Early intervention into the lives of troubled young people could save the Government almost £17bn every year, a coalition of over 50 charities has claimed.
The Early Intervention Foundation (EIF) said creation of a ring-fenced fund to support councils, healthcare providers and other bodies redesign local services could reduce spending on ‘picking up the pieces’ of social problems by 10%.
Its calls have been backed by leading charities, voluntary groups and public finance experts including the Chartered Institute of Public Finance and Accountancy, NESTA, Barnado’s, NSPCC and Action for Children.
In a joint letter, the groups called for prioritised spending on measures that will tackle the root causes of societal issues and help families ‘flourish’.
Carey Oppenheim, EIF Chief Executive, said: ‘Our organisations are uniting to send a powerful message to whoever forms the new government. Prioritising and investing in early intervention will not only save money but will give a generation of children, young people and their families the best chance of thriving.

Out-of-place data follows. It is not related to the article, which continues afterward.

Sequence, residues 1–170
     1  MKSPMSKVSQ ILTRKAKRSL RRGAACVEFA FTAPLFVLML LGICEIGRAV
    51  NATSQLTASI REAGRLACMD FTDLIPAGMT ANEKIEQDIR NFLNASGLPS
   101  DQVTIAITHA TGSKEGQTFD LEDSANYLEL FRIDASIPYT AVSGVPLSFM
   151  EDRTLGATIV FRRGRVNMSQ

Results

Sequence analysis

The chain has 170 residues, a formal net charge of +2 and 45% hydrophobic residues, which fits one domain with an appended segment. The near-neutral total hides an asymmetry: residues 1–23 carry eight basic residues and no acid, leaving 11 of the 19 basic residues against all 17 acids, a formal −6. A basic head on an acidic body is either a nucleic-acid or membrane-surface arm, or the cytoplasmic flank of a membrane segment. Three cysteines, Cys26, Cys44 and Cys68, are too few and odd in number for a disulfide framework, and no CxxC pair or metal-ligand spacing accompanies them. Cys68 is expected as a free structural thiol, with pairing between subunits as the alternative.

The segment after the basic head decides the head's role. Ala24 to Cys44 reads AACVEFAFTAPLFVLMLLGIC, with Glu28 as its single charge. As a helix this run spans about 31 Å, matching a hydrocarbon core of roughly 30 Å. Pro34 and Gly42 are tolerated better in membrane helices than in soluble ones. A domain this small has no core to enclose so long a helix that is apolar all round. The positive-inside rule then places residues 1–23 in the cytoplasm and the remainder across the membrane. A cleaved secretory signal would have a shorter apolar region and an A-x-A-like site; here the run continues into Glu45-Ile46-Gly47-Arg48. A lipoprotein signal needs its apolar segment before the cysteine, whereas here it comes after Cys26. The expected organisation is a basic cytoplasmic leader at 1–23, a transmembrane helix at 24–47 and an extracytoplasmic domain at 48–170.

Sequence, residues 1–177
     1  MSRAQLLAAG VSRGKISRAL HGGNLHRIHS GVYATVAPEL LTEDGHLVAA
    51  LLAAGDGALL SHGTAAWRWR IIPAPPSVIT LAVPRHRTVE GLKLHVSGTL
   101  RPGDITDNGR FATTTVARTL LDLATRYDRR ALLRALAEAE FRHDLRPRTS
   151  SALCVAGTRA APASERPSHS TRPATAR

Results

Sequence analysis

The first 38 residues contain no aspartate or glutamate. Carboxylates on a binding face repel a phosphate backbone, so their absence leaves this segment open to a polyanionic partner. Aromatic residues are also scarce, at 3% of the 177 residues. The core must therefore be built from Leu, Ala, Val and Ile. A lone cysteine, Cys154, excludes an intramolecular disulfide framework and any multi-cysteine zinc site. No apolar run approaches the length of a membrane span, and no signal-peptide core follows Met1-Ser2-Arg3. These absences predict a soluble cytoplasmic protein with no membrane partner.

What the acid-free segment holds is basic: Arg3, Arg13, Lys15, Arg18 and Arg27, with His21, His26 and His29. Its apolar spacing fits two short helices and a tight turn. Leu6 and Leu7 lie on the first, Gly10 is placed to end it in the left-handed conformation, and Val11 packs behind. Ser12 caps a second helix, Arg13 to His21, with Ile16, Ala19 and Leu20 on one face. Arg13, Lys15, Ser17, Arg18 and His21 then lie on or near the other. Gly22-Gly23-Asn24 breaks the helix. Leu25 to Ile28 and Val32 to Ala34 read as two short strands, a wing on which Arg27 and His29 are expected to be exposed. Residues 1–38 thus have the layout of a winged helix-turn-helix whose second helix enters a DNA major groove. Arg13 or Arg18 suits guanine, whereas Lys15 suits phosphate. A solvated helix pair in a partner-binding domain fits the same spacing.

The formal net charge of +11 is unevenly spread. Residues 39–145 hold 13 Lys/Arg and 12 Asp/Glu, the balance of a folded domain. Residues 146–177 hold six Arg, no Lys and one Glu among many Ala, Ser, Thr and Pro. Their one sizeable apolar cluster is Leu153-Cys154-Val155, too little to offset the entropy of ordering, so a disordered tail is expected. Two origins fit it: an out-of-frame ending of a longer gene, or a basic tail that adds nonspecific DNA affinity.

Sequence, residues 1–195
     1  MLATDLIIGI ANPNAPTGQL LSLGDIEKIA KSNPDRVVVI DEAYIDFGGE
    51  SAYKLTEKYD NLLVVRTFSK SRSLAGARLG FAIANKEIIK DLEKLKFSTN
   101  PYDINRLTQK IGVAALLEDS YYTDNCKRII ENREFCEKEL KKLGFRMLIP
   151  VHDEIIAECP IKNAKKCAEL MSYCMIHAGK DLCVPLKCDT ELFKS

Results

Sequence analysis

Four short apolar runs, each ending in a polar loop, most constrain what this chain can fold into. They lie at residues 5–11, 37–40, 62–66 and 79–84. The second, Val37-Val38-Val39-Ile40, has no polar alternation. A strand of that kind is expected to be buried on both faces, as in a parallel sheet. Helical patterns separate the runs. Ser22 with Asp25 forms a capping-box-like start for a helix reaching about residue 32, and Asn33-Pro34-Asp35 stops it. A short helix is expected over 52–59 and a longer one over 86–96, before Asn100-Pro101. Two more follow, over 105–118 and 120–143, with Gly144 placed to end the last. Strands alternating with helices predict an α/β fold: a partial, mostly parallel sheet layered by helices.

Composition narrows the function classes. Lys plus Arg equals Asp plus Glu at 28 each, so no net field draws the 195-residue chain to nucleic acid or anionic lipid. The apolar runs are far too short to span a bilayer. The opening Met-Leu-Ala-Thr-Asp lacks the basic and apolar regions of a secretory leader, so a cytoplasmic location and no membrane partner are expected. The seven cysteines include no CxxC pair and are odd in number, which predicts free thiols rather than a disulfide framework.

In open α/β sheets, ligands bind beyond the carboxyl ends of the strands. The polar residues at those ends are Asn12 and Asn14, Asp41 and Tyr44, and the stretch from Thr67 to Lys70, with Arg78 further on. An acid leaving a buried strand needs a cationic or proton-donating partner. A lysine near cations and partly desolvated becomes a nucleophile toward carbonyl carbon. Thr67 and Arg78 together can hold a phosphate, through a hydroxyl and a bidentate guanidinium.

‘A long-term national commitment is needed to shift our public services away from picking up the pieces from the harmful and costly consequences of failure. To do this requires a different way of working – one which is built around the wellbeing of children and families rather than separate departments, funding streams and working in silos.’